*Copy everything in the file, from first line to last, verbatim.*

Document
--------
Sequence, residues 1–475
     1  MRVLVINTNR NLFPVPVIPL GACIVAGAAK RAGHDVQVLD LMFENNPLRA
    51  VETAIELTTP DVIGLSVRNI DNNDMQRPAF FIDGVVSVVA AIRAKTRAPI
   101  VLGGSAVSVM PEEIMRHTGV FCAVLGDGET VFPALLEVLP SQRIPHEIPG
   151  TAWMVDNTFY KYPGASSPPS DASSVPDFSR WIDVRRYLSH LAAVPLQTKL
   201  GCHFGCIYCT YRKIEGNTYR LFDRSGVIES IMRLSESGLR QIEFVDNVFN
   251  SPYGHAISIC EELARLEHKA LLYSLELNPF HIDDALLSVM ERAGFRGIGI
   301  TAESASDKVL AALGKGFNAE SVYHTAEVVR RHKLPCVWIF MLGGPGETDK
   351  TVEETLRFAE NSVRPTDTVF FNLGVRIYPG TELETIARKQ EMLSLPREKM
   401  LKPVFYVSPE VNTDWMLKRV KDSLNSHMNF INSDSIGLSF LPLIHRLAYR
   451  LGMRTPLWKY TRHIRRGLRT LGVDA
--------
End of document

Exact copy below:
Sequence, residues 1–475
     1  MRVLVINTNR NLFPVPVIPL GACIVAGAAK RAGHDVQVLD LMFENNPLRA
    51  VETAIELTTP DVIGLSVRNI DNNDMQRPAF FIDGVVSVVA AIRAKTRAPI
   101  VLGGSAVSVM PEEIMRHTGV FCAVLGDGET VFPALLEVLP SQRIPHEIPG
   151  TAWMVDNTFY KYPGASSPPS DASSVPDFSR WIDVRRYLSH LAAVPLQTKL
   201  GCHFGCIYCT YRKIEGNTYR LFDRSGVIES IMRLSESGLR QIEFVDNVFN
   251  SPYGHAISIC EELARLEHKA LLYSLELNPF HIDDALLSVM ERAGFRGIGI
   301  TAESASDKVL AALGKGFNAE SVYHTAEVVR RHKLPCVWIF MLGGPGETDK
   351  TVEETLRFAE NSVRPTDTVF FNLGVRIYPG TELETIARKQ EMLSLPREKM
   401  LKPVFYVSPE VNTDWMLKRV KDSLNSHMNF INSDSIGLSF LPLIHRLAYR
   451  LGMRTPLWKY TRHIRRGLRT LGVDA